The veteran streaming platform has been forced to pivot to ads to make up a shortfall in subscription revenue. Here’s how it got here.
What was once everyone’s favorite (and only) streaming provider is now playing catch-up in the advertising-based video on demand (AVOD) game. Sparked by a 200K subscriber loss in Q1, Netflix rather reluctantly announced they will likely enter the AVOD ecosystem. Many well-tenured executives in the TV and Streaming space saw this coming from a mile away, and Netflix is taking a bit of a beating in the upfronts, trades, and boardrooms.
But in TV, as elsewhere around the world, with a persistent pandemic, supply-chain issues, war, and social unrest, the temptation to pick away at competitors is wrong-minded. It’s even more important to bind together, support one another, and celebrate the competition that has fostered the innovation in our industry.
On that note, before we shove Netflix into the also-ran camp and focus on other platforms with built-out AVOD options, let’s revisit one of the OG streaming platforms, how they got here, and how they can move forward.
How Netflix got here
Netflix was born in 1997. You may remember the CDs of movies and documentaries you ordered which later evolved into a subscription model. Ten years after its birth, Netflix offered titles available for streaming over the internet – which was, at the time, a novel concept. Through their recommendation engine and seeing the potential to differentiate from cable by offering another way to access premium TV, Netflix had created a new game. Netflix enjoyed years of first-to-market success and kept working to bring us original content that turned into cult favorites such as “House of Cards,” “Stranger Things,” and my personal favorite, “The Queen’s Gambit.”
Netflix changed the way movies and shows were distributed and consumed and pushed networks to create and obtain better and stickier content, and more premium content to differentiate themselves and lure in loyal consumers. They turned entertainment upside-down.
What’s more, they challenged the TV measurement norms from the get-go, snubbing their nose at Nielsen and looking more at quantity and efficiency of content consumed. So yes, Netflix is behind in the AVOD game. And they didn’t pivot as quickly as they needed to.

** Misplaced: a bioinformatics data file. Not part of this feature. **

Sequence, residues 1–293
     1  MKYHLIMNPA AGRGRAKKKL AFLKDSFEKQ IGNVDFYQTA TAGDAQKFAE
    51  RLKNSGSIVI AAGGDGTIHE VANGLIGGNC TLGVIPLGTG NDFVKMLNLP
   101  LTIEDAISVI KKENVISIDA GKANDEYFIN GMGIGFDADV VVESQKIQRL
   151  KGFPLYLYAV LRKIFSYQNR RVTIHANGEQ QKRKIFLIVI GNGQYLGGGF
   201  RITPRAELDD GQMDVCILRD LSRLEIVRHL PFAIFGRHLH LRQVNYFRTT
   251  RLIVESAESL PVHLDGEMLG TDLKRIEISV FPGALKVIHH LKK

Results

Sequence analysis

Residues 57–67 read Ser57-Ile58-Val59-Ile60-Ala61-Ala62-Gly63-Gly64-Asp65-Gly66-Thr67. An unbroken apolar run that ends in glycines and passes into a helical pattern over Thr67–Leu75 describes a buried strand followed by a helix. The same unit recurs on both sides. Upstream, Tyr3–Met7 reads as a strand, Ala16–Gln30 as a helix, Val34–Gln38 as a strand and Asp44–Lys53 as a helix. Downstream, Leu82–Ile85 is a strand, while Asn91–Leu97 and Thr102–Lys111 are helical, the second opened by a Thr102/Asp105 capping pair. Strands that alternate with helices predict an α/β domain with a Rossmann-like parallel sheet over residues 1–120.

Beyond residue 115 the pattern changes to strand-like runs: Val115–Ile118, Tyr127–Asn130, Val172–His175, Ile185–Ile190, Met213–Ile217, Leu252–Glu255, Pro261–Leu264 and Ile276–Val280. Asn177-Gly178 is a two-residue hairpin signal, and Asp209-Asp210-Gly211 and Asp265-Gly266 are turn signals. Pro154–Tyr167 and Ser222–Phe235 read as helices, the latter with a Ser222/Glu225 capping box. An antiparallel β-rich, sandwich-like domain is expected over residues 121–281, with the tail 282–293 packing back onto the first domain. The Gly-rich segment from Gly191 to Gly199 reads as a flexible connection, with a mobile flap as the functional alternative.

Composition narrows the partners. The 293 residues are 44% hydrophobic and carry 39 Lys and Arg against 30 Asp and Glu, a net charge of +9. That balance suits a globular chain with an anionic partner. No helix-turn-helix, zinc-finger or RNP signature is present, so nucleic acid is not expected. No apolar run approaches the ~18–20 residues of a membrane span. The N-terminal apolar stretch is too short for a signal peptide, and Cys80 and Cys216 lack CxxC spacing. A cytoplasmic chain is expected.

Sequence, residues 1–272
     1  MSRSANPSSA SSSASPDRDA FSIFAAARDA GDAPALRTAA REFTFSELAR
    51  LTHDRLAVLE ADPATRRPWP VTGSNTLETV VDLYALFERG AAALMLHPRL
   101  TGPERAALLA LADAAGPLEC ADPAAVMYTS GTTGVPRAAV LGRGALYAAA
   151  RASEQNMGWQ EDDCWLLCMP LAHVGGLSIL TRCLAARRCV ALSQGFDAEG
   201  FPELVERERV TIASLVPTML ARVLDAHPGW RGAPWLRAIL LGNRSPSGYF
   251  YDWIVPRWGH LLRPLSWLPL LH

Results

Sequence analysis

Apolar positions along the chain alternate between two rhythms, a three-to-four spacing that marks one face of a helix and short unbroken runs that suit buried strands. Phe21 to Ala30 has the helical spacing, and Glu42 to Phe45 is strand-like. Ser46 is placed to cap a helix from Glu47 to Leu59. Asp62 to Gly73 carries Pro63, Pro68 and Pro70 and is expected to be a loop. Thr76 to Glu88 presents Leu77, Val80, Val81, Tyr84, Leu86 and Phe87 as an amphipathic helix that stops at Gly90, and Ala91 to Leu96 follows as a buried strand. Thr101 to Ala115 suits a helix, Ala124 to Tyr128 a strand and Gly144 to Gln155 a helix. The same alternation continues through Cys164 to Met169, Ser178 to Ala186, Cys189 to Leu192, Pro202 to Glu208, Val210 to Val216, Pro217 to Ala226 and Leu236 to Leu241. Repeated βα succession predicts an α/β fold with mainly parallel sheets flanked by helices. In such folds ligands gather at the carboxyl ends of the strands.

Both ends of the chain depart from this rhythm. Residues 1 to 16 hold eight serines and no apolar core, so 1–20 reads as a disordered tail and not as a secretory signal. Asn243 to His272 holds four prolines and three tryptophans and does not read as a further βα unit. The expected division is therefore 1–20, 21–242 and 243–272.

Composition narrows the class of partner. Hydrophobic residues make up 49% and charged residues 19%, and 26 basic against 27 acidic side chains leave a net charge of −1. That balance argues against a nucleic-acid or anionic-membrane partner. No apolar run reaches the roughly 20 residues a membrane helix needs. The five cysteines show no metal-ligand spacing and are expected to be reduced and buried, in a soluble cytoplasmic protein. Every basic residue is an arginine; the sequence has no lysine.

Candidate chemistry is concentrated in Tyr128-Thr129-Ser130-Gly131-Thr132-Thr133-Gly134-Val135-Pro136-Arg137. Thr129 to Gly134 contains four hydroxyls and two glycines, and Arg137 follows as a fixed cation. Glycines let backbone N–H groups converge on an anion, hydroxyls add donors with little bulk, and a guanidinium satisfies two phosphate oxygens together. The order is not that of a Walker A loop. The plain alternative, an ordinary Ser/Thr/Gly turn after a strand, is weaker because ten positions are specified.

Where Netflix stands now
So where does Netflix stand now? Let’s first talk a bit about AVOD which has been growing in prevalence and scope over the past few years. Specifically AVOD spend will be $ 22 billion in 2022, according to MoffettNathanson Research. What was once a “maybe” for platforms has shifted to a must. So essentially AVOD and SVOD (Subscription Video on Demand) are merging together.
There are many reasons platforms have AVOD options – but the main being the ability to provide a more affordable tier of service to consumers who want to watch the platform, but don’t want to pay the premium for an ad-less experience. The primary use of AVOD tiers is to retain and acquire new customers. Currently, AVOD is being put to the test and held to a higher bar as premium platforms such as Disney+ join the game. Disney+ has pledged their ad experience will be low – four ads per hour, which is aligned with another premiere player, HBO Max’s frequency.
Other platforms such as the original AVOD darling Hulu are nearly 2x that load. Platforms will be tested and forced to think harder about balancing the consumer experience with brand opportunity. How Netflix handles ad load and overall experience could speak to its future in the space.
However, for now, let’s take this time to appreciate what Netflix has done for the industry and hope that next year they join the upfronts with more content, sustained growth and that gumption they brought to the market in 2007, frequency controlled that is.